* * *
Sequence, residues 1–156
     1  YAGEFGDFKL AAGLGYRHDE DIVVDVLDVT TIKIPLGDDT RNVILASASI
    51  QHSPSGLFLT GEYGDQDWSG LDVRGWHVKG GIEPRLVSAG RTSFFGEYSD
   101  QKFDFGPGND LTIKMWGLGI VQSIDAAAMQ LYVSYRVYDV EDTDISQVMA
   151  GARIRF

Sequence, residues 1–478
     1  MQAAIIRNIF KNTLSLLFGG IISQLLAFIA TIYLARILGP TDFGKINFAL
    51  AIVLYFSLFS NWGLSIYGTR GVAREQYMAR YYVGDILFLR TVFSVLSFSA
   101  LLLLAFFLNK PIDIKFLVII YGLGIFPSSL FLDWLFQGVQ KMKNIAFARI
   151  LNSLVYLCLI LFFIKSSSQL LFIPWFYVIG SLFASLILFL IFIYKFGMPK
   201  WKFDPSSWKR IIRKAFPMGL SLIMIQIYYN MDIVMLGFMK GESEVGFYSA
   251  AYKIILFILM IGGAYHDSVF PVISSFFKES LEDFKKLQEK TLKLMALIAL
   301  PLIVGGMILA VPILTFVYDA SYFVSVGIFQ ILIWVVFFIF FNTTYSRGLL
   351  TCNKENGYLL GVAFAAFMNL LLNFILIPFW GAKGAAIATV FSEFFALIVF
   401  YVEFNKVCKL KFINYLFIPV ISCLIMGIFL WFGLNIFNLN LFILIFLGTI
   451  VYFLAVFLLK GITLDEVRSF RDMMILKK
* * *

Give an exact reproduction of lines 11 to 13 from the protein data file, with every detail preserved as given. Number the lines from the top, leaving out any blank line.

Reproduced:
   201  WKFDPSSWKR IIRKAFPMGL SLIMIQIYYN MDIVMLGFMK GESEVGFYSA
   251  AYKIILFILM IGGAYHDSVF PVISSFFKES LEDFKKLQEK TLKLMALIAL
   301  PLIVGGMILA VPILTFVYDA SYFVSVGIFQ ILIWVVFFIF FNTTYSRGLL